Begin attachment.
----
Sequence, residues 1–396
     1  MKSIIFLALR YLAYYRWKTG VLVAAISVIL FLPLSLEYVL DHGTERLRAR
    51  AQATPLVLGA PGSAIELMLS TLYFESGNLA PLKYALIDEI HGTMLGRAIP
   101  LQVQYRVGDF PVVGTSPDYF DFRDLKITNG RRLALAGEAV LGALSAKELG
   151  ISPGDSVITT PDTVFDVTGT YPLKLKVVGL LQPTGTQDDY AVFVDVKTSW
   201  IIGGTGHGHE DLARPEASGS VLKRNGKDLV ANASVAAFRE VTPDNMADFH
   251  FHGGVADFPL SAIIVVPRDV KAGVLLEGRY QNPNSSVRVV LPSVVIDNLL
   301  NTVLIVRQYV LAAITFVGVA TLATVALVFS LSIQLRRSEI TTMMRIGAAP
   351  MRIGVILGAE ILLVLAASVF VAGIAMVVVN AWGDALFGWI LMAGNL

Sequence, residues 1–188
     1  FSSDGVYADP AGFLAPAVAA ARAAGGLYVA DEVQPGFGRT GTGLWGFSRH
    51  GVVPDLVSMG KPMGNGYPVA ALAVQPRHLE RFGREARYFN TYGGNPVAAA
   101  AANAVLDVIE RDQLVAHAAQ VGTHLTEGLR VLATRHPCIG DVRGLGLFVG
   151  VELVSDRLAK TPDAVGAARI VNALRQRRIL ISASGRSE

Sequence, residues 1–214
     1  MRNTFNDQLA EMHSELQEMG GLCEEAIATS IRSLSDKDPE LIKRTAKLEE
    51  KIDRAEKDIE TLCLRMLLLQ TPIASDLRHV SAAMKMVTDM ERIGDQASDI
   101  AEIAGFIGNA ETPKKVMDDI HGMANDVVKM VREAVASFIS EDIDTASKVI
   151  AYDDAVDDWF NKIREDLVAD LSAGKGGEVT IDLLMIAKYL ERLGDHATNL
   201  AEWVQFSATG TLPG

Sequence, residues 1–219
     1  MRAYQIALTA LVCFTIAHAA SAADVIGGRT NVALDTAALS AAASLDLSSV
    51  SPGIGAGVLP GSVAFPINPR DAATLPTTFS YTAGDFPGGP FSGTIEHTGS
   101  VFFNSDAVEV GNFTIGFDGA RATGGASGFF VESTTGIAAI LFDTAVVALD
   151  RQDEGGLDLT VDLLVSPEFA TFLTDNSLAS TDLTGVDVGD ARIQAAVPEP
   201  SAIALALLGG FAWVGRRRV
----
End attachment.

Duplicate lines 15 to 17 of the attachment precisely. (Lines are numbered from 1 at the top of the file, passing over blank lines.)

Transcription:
Sequence, residues 1–214
     1  MRNTFNDQLA EMHSELQEMG GLCEEAIATS IRSLSDKDPE LIKRTAKLEE
    51  KIDRAEKDIE TLCLRMLLLQ TPIASDLRHV SAAMKMVTDM ERIGDQASDI